Cycling Center Dallas Blog
Cycling Center Dallas Blog
Here we talk about all things cycling - training, wattage, group rides, bike rallies, triathlons, weather, coaching, coaches, nutrition, ponderings, musings, and equipment! If you have a topic or a question, send us a note and we'll try to answer for you!
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Tracy
16:10
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Functional Movement Summit Write up Part 5



Squatting

OK, I know some of you guys cringe at the thought of a squat. You may hate doing them because they IMG_0898are hard. You may hate doing them because you don’t have adequate hip mobility, or lack mobility in other areas that effects the movement chain. Both of these things can be fixed with a little work (well, actually that is only half true); they are always going to be hard if you are doing them right. However, there may be a third reason that that you dread squats, which is that you are just not built for them, and this is not something you can change.

Mike Boyle touched on this in his lecture and provided a reference, which inspired me to research it further. Although I was aware people had different pelvis and femur structures, it was always more of a vague afterthought for me. After seeing the evidence in pics and doing a little more research, I now have a clearer understanding of how bone structure of the hip and femur effects squatting ability.

Take a look at the two femurs in this picture. The structure of the heads are very differefemurnt. This causes them to fit into the hip sockets differently, and at different angles. The hip sockets of different individuals can also have very different structures. Here is a link to an article which was referenced in the lecture, which I think you will enjoy if you find this interesting:

http://themovementfix.com/the-best-kept-secret-why-people-have-to-squat-differently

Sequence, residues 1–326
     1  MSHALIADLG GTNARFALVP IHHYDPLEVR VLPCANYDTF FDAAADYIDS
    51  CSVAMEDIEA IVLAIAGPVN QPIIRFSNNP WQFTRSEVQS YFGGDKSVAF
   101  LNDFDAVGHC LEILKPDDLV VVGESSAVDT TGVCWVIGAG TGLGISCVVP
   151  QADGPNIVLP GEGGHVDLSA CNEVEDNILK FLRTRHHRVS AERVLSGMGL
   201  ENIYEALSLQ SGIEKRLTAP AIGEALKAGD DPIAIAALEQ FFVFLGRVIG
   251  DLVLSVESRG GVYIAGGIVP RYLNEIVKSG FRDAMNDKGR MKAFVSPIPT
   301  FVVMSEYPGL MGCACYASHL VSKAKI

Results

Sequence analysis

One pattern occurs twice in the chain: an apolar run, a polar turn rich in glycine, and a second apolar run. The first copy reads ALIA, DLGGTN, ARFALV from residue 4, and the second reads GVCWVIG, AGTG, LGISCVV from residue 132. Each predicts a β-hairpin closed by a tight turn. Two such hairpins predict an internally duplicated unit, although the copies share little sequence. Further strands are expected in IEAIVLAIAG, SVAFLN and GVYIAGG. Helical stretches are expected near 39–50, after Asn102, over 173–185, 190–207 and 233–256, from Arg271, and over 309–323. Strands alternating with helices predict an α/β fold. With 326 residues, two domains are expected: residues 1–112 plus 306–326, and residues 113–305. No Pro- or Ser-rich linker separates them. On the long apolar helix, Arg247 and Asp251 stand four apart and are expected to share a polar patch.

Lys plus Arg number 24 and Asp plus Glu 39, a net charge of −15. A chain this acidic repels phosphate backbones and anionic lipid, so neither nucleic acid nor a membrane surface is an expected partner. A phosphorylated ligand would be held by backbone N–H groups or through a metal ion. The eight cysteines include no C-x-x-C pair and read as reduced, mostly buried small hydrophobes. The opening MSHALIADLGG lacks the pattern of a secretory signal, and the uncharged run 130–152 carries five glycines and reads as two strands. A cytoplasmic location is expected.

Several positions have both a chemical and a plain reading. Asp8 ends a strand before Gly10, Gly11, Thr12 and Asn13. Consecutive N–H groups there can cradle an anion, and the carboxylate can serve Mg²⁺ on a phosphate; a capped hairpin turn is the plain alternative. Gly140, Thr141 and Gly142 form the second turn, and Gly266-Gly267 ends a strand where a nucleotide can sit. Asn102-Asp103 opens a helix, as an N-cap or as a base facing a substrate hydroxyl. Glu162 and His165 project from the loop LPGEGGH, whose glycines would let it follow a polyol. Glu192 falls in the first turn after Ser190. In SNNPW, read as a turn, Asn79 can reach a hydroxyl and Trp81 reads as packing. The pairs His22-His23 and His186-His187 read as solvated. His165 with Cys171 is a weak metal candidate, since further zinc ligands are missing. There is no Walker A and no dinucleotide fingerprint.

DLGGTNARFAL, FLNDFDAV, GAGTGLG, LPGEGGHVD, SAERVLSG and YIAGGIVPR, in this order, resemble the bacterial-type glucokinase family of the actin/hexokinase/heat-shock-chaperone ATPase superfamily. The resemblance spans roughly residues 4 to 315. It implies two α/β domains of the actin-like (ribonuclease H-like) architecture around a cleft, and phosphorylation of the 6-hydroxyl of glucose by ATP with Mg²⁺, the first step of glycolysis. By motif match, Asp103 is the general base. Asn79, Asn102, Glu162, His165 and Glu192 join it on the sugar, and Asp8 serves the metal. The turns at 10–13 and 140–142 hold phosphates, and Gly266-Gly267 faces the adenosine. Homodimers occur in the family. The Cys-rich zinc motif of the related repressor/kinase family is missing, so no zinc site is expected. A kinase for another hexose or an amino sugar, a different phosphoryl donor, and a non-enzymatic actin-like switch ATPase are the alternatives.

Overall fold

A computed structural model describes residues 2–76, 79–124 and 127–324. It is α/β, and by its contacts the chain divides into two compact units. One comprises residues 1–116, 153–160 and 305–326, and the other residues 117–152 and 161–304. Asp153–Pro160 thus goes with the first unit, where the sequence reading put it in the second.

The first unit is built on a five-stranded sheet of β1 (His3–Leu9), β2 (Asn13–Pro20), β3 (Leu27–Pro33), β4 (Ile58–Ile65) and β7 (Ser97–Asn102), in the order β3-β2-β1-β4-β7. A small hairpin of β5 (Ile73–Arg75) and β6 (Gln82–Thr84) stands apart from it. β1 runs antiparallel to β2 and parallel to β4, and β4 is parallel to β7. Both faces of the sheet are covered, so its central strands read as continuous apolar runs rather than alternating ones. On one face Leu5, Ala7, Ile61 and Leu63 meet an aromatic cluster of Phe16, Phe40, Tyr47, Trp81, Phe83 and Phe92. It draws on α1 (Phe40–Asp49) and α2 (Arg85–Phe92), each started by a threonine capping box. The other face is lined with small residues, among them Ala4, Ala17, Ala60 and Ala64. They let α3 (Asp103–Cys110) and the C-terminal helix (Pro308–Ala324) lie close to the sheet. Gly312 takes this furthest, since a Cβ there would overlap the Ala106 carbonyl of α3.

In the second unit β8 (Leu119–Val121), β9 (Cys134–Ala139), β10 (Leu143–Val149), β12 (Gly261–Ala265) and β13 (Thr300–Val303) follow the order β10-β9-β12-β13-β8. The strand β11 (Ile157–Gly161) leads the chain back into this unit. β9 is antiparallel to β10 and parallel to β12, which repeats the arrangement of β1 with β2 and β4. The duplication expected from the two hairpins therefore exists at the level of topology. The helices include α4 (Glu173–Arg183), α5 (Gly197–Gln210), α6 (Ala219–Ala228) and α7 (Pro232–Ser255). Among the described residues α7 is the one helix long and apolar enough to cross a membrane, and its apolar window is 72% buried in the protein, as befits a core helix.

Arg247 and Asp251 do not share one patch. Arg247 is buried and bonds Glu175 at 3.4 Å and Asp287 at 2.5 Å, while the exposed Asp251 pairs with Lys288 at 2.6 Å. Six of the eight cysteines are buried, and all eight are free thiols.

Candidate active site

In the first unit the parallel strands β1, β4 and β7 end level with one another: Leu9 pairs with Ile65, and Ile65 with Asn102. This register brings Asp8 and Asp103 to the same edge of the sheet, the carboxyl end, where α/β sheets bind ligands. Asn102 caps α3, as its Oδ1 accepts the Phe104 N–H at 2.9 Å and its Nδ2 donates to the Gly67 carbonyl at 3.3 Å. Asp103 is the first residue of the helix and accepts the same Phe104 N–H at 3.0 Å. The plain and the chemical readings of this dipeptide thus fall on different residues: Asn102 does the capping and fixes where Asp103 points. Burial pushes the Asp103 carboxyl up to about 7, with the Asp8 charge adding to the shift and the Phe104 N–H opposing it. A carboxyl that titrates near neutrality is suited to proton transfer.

So those who feel the need to squat with a wider stance, or with toes outward versus straight ahead, or are unable to go as deep as others, may have structural reasons behind these things that makes certain stances and variations a better choice for them; just something to consider.

Although I would still make it a priority to work on having good hip mobility and strong legs that can push weight and support you, we will also listen to what your body is telling you and let it guide you in doing squats in the best way for you.

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Tracy
13:56
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Functional Movement Summit Write up Part 4

The Sessions:

Eric Cressy: 10 years, 10 lessons: How to Perform Better in Training & Business

Mike Boyle: The new Functional Training for Sports Starts with Why? 

Eric Cressy and Mike Boyle are two of the biggest names in my industry, and I attended both of their lectures and hands-on sessions today. The IMG_0806combination they have of both scientific knowledge as well as understanding of what it takes to be a great trainer and a great coach is why they are among the few that rose to the top of their profession.


One of the biggest priorities I have when working with clients is fixing dysfunctional movement. If something is not functioning properly, there's no way you can build on top of it effectively, no matter what your goals are or what you're trying to do.